Play can help us accept ourselves, help us to manage our anger, burnout and stagnation too~we can push ourselves into new levels of practice, challenge our ingrained patterns and rote ways of thinking, bust out of cycles that no longer serve us.

And, most importantly, play can bring us pleasure. A simple pleasure of feeling the sun on our backs while we lose ourselves in examining river stones or the joyful pleasure of watching our basket fill up with wild blueberries…the pleasure of touch and sensuality or sounds. The underlying pleasure and self-acceptance can be an anchor in life’s storms and ground us on our journey. Health and healing are serious undertakings, we hold other people’s lives and trust and stories with respect and compassion. But it is not THAT serious–almost nothing exists which cannot give us a moment of humor, insight or creativity if we know how to look at it through the lens of play.

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The foundation.

What has been proven, in studies, to build bones, to support mental health, to support recovery from addiction, and to be “as effective as” some medications such as statins in treating chronic disease? Exercise. Yet many of us don’t do it. Why not? I’d like to suggest that we don’t believe in it. Sure, we may believe the statistics about exercise. We may know, in our heads, that exercise is “good” for us. But we don’t all believe in it with our core, with the place where our truths reside. I would like to suggest that exercise itself is part of the problem. Culturally, it is seen as a chore and a punishment. Get through it, and move on to “real” life. Rehabilitation is seen as something to check off the to-do list–temporary–not a life-long practice of self-care. A guilt-inducing series of movements we perform under duress to help us stop hating ourselves–hating our bodies and our lives. How’s that working out for ya, America?

May I suggest we drop that whole line of bull and get on board with movement? Movement is NOT just exercise. It is locomotion. It is art. You can’t really do it wrong. Even if your body is non-conforming, your mind is atypical, your soul is really weird, some kind of movement is right for you.

Have we let beautiful people steal exercise from us? Have we let corporations hand sports over to professionals and schoolkids only? Have we bought in to the idea that we don’t have the right body type or equipment or outfit, not enough space or time or support? Have we lost the drive to get our asses up that tree or that mountain and see what it all looks like from another angle? 

I know I did. Yes, it happened to me. I saw exercise as a chore, a duty, something to “get through”. I’ll do it tomorrow.  I was not putting my love into it, nor my pelvis. I was in a state of separation and I allowed fear to keep me from moving in certain ways. One day I wondered–What the heck am I doing?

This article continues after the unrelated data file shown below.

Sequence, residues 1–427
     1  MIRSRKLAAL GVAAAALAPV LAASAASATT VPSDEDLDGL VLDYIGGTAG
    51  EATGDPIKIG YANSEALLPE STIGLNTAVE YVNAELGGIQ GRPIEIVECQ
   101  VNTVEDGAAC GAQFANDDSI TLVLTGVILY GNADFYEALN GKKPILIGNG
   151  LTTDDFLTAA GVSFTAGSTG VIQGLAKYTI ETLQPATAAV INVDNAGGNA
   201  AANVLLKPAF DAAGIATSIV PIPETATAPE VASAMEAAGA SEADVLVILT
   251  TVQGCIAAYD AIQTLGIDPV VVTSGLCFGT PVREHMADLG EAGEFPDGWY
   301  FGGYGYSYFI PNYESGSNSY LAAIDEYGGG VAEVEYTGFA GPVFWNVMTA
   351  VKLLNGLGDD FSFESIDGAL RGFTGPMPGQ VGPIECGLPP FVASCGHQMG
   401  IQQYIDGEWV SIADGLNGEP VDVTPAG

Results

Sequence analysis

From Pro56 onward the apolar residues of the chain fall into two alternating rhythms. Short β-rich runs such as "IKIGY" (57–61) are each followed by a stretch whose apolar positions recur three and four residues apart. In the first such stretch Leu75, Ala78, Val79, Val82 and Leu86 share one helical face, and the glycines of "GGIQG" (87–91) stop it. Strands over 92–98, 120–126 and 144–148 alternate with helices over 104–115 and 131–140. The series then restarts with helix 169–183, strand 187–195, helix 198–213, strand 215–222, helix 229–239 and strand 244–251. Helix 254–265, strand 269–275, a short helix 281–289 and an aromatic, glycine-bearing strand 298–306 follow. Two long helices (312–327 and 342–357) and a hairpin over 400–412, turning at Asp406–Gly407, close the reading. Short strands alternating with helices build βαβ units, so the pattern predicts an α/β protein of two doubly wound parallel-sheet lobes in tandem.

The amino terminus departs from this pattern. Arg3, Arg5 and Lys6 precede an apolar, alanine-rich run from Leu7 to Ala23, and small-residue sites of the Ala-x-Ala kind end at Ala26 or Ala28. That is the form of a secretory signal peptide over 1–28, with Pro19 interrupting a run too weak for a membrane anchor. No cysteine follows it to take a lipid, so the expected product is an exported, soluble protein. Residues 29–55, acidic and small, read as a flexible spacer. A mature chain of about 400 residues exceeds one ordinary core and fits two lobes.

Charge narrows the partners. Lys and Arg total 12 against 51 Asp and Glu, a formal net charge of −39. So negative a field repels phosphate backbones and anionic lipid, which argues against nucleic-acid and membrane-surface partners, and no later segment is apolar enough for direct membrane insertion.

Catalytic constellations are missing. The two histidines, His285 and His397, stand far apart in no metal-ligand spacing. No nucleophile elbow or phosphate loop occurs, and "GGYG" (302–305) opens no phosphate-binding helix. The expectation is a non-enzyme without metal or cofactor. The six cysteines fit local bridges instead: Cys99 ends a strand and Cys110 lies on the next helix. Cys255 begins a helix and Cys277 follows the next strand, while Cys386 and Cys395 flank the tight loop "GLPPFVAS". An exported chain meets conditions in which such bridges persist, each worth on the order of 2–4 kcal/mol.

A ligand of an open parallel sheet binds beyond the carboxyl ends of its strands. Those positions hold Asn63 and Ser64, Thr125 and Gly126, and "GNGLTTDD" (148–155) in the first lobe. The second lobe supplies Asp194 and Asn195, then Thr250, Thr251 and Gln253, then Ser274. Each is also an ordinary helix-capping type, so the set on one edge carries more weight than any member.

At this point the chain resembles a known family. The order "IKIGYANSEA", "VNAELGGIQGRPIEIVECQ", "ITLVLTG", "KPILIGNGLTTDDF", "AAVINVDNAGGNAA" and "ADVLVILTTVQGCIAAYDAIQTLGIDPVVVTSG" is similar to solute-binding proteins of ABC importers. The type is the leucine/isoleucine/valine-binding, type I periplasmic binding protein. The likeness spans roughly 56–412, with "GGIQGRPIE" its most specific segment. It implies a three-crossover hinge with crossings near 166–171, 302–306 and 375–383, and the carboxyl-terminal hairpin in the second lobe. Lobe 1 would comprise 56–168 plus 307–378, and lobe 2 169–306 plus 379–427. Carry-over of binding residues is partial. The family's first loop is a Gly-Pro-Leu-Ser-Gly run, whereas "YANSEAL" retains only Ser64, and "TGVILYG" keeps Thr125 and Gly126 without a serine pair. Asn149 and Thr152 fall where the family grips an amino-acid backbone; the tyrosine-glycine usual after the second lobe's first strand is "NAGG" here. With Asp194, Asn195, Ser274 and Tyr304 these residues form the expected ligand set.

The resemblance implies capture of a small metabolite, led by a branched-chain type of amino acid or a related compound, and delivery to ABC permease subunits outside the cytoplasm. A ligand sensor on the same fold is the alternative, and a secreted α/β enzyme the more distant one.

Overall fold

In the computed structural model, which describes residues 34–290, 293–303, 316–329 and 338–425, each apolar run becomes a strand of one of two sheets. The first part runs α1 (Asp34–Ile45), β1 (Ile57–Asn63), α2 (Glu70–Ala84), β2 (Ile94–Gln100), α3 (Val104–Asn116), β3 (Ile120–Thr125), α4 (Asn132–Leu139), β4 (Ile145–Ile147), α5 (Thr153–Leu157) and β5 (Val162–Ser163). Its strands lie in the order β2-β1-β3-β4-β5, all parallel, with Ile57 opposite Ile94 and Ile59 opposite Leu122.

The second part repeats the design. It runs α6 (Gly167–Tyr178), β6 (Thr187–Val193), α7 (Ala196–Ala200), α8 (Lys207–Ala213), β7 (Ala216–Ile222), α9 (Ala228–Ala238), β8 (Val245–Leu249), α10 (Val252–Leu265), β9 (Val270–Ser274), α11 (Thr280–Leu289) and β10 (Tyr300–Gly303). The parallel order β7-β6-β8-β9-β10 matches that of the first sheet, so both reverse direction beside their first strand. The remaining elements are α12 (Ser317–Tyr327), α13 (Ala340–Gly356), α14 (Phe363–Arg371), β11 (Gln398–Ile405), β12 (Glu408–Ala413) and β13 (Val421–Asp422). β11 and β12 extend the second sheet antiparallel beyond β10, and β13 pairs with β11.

Where do our movements come from? Why do we walk, sit, dance in certain ways? Or not–Why do we hold back from moving in other ways? How much does our culture, our history, our social circle, our furniture, our clunky shoes and our intimate desire affect our own movements, our own idea of what is OK? 

For example, have we learned to stop jumping off things because it is not proper? Have we learned to sit down and be quiet? Have we learned to take up less space, be very careful, stop arousing certain feelings? Don’t lift heavy stuff lest you”get big” whatever the hell that means? Minimize. What movements are we suppressing to fit in?

 

What are we suppressing when we walk on a treadmill, going on and on to nowhere, or lift a 3-pound dumbbell over and over 100 times hoping to tone our triceps for beach season? What about training for beach season really supports our humanity, our self-love, our re-integration? I think it just re-inforces our fears. 

I had my own fears, and most of them were realized when I started throwing myself into movement. My pants fell down in Zumba class. I threw up. My glutes hurt and I didn’t really know how to shake my booty. I started lifting a tiny kettlebell. But I just kept doing it until I fell in love with myself all over again. I woke up one day and remembered what it feels like to have a body–and why I should care. I don’t give a rat’s ass if I have cellulite or jiggly arms. I don’t care if I “glow” or if I have a thigh gap. I am fast. I am strong. I move to rebel and I move to get hungry and tired and sweaty. I move to participate and I move because I have to. 

We are in a place, as a culture, where I believe movement is what will help save us. Movement will help us to get free, to unlearn all the baggage that keeps us sitting down all day.To bring back the joy, and maybe some endo-cannibinoids too.  Movement will help us to let go, to say “this is who I am!” and to play again. Movement will help us to re-connect to each other and ourselves and help us manage our anger and confusion. One day we will see movement for what it is–just a practice, with no right or wrong ways to be. Movement is self-care which we can scale to our level and  empowerment which we can tuck away for a rainy day. Movement is the foundation we can build ourselves upon, and that is the meaning for me.

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http://www.ncbi.nlm.nih.gov/pmc/articles/PMC3276339/
http://www.ncbi.nlm.nih.gov/pubmed/22442371
http://journal.crossfit.com/2014/03/sweat-and-sobriety.tpl